In Inhuman Kiss, a teenage girl named Sai gets cursed to become a krause. This means that, upon nightfall, her head separates from her body and floats around in search of blood and guts. Local villagers become concerned when their livestock start disappearing, and form a krause hunting party. While this happens, Sai must navigate a love triangle between two boys who have different opinions about krause.

Compared with a lot of other Southeast Asian horror, Inhuman Kiss‘ production quality is pretty good. The movie was Thailand’s submission for 2019’s international feature Oscar (it didn’t get nominated), and also streams worldwide on Netflix.

5. Hope Frozen

Director: Pailin Wedel | Genre: Documentary 

We venture from supernatural horror back to real life with our next 2019 top Thai movie, Hope Frozen. Directed by Thai-American journalist and filmmaker Pailin Wedel, the film dives into the internationally viral story of a Thai family who decided to cryogenically preserve their young daughter Einz’s brain.

On top of excellent editing and cinematography, Hope Frozen feels humanistic and poignant. The film explores how Einz’s parents—both of whom hold PhDs—reconcile their scientific training with the faith that cryogenics requires. Additionally, the documentary reveals the thorny complications that cryogenics presents within the context of reincarnation-centric Buddhism, Thailand’s dominant religion.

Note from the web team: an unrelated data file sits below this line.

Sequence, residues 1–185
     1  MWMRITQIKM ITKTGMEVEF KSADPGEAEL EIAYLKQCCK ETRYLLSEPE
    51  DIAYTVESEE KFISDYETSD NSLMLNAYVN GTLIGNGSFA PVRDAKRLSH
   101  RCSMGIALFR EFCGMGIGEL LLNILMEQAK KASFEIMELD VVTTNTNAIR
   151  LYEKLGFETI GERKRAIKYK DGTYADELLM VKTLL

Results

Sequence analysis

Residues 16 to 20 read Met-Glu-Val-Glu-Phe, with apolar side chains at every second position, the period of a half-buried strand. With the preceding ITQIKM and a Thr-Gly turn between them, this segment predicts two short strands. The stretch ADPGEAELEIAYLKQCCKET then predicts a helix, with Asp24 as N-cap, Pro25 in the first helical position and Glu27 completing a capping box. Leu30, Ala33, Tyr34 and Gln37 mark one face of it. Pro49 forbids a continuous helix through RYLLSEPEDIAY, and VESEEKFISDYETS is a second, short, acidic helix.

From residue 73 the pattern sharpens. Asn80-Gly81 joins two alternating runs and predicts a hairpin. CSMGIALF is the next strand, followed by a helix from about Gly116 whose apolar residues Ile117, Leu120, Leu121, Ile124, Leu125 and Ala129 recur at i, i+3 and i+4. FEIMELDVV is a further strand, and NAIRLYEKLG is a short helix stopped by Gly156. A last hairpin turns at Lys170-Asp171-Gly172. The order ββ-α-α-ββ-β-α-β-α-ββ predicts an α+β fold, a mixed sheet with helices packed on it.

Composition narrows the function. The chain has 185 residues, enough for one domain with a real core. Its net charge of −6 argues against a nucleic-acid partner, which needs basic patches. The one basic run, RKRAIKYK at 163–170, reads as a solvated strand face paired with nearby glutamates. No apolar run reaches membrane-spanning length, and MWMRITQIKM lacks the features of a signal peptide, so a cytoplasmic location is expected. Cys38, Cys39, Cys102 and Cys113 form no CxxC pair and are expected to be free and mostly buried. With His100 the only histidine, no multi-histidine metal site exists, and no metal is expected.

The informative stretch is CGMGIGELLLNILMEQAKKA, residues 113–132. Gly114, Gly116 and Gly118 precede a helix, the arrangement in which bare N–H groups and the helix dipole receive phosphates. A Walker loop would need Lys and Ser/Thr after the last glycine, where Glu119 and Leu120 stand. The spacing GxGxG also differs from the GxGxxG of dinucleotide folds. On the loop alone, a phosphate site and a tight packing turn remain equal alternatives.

4. Krabi 2562

Director:  Anocha Suwichakornpong, Ben Rivers | Starring: Siraphun Wattanajinda, Arak Amornsupasiri, Primrin Puarat, Nuttawat Attasawat | Genre: Documentary, Drama, Experimental

Many in the West know Krabi as a beautiful vacation spot replete with beaches and limestone cliffs.  Krabi 2562 offers a trippy exploration of Krabi amidst the tides of tourism and consumerism, and is the most distinctively artistic Thai movie we’ve found from 2019.

In this experimental feature, a woman with an actively morphing identity guides viewers across vignettes that represent constantly intermixing time periods and settings. We see prehistoric humans cavorting alongside modern tourists on a beach in one moment, and stumble upon an urban landscape in the next. Krabi 2562 found a warm reception at 2019’s Toronto International Film Festival, and will delight those looking for more unconventional or innovative Thai films.

3. Where We Belong

Director: Kongdej Jaturanrasamee | Starring: Jennis Oprasert, Praewa Suthamphong, Saheoiyn Aophachat | Genre: Drama, Coming-of-Age, Family, LGBTQ

Amid a sea of horror films and sappy rom-coms, Where We Belong stands out with its heartfelt but brutally realistic coming-of-age story. The movie Jennis Oprasert and Praewa Suthamphong—members of popular idol group BNK48—as its two leads, a pair of best friends named Sue and Belle.